18 February 2010

Olympic Size Dreams

Mood: Tired (this week has lasted somewhere near a month now)

What I'm Watching: The Olympics baby! (The sport, the drama, Shaun White...what's not to love!)

I have a confession to make. I absolutely love the Olympics. Summer or winter doesn't matter, but every time the Olympic season rolls around my normally sport hating self suddenly becomes an avid watcher of all things Olympic. When I was younger I used to wish that I had the kind of talent that would take me to the Olympics (usually in some super artistic girlie type sport with super cute outfits like gymnastics or figure skating), but, alas, I'm not coordinated, dedicated, or athletic enough to even climb up the steps in the arenas to watch the sports, let alone participate in them.

Now that I'm older, I always think that the Olympics, with all their pagentry, grace and displays of athletic skill, are nothing more than a bittersweet moment in time. These althletes work their whole lives towards one goal...the Olympic gold. If they're lucky, they win. On that day, in that place, they are the best in the world. That's an absolutely amazing accomplishment but then what? Can anything in their lives top that moment? When your whole life has revolved around a goal and you attain that goal, how do you redefine your life?

Even worse are the many athletes who train just as long, work just as hard and want it just as bad...but who, on that day, in that place, are not among the best in the world. All of that time, effort and sacrifice culminates in the disappointing loss of their goal. If they're lucky, they may be able to continue training for the next Olympics but an athlete's career span is a short one. The human body simply cannot withstand the demands and pressures of an elite level athlete indefinitely. Then what? What happens when you've dedicated your entire life in the pursuit of a single goal and you fail to attain that goal? How do you redifine your life?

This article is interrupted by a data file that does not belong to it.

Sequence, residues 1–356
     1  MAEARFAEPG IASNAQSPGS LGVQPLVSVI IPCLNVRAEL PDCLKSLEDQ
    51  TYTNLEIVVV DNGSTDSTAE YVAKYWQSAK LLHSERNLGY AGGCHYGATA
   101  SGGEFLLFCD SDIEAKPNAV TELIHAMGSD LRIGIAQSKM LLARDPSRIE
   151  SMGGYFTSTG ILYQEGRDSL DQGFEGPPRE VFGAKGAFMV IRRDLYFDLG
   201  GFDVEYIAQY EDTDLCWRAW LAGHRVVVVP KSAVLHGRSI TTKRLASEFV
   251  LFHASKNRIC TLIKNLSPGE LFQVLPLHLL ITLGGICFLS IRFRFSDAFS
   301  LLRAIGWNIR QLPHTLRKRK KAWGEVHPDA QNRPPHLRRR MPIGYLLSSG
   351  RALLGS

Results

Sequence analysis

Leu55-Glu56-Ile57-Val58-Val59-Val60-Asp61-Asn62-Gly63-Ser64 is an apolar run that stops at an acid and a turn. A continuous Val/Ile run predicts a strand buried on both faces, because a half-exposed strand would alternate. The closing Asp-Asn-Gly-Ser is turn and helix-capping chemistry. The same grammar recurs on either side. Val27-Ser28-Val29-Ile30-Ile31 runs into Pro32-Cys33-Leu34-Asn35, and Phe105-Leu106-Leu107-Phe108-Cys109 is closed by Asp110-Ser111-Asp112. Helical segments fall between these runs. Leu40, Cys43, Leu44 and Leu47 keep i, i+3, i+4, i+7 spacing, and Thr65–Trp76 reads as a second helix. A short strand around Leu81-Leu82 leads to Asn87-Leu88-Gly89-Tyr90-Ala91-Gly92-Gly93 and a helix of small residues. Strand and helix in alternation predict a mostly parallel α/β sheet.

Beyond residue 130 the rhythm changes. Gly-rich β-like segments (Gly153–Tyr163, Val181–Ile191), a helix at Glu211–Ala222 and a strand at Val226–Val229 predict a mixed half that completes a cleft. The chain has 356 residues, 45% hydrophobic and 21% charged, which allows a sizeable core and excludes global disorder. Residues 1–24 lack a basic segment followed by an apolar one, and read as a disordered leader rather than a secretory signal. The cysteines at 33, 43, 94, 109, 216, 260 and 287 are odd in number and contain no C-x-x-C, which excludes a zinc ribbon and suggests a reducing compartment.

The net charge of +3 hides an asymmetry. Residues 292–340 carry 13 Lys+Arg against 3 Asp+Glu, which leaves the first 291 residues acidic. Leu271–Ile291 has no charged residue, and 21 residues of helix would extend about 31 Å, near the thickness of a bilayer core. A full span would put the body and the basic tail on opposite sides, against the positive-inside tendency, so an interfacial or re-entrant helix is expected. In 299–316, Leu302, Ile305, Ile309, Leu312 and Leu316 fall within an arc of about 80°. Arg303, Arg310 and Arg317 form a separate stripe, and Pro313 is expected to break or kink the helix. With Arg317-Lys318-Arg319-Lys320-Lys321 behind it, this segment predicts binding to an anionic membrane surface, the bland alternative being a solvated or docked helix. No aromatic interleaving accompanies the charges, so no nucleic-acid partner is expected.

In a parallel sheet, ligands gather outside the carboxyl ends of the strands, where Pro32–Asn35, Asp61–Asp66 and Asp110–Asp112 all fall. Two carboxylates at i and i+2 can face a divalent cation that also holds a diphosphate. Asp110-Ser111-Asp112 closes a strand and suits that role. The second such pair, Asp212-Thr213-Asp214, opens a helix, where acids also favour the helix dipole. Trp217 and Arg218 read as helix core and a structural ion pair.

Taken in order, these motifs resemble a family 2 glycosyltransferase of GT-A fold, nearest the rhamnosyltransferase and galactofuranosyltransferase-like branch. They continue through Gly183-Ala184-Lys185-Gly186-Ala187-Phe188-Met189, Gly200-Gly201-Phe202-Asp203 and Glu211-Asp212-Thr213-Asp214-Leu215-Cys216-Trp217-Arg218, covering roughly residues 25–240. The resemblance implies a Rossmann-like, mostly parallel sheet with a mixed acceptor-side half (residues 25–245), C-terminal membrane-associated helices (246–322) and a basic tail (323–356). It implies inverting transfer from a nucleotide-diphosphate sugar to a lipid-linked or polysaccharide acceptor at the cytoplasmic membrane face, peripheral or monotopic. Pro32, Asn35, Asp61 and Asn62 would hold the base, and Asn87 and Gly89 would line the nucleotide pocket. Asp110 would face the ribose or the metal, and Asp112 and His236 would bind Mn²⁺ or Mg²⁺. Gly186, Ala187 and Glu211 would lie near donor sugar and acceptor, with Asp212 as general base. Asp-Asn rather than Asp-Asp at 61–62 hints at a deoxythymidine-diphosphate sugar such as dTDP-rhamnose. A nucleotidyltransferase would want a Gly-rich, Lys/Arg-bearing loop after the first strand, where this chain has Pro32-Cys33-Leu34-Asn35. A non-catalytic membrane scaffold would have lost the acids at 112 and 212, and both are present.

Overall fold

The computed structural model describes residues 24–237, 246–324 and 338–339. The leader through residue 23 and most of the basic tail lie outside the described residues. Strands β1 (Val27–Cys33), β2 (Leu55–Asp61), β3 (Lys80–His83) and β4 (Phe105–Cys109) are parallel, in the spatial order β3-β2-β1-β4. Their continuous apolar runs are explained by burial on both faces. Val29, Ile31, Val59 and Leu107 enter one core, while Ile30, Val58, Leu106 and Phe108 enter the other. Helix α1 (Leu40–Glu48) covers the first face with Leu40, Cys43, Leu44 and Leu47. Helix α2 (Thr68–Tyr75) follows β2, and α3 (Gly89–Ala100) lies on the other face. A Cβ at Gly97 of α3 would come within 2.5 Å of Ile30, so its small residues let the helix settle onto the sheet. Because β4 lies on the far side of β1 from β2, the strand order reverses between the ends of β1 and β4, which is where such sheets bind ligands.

So, on reflection, I think it was probably best that I was not blessed with any sort of athletic talent. Instead, I was given a drive to write...to create worlds with my words. There's no shelf life on a writer's creativity, there's an unlimited opportunity to write, revise and write again, and  the opportunities to both succeed and fail are absolutely limitless. Now, if they could just come up with a super cute, sparkly writer outfit...



  1. Oh how right you are! I think of the girl gymnasts who train from like age 3 and then they max out their potential at like age 16, 17. I mean, whoa. And then what? If they're lucky they actually made it. If they're super lucky, they took home a medal, might ride the wave of fame for a while, get their picture on the box Wheaties, but eventually, they fade away, too, only to be seen at special alumni events once they've turned into normal people who no longer train for ten hours a day.

    Geez, isn't that crazy snarky of me? I feel so meanspirited. It's just such an intense time in their lives, so intense it just can't be maintained forever--not at that level. So, yes, thank goodness for writing. That's something that only gets better with age and practice. Unless, you know, you get worse.

  2. Um, who says you can't wear a cute sparkly outfit while you write? (And if you do, please send a picture!)

  3. @ Wendy: Thank you so much :) *blushing*

    @Carol: I don't think it's snarky of you...I think it's realistic. :) Then again, given my tendency towards snark, I may not be the best person to judge that.

    Also? I hadn't considered the possibility that my writing could get worse. Nah. Reading over my past few pages, my suckage factor is pretty high...pretty sure I can't get much worse. Can I? Gah! Writer type panic setting in!!!

    @Anne: Hmmm...sparkly writery type outfits. I mean, it would be hard to top my current author uniform of: Sweatpants, old t-shirt and fuzzy socks but if I had a bedazzler imagine how many sparkles I could put on those fuzzy socks!


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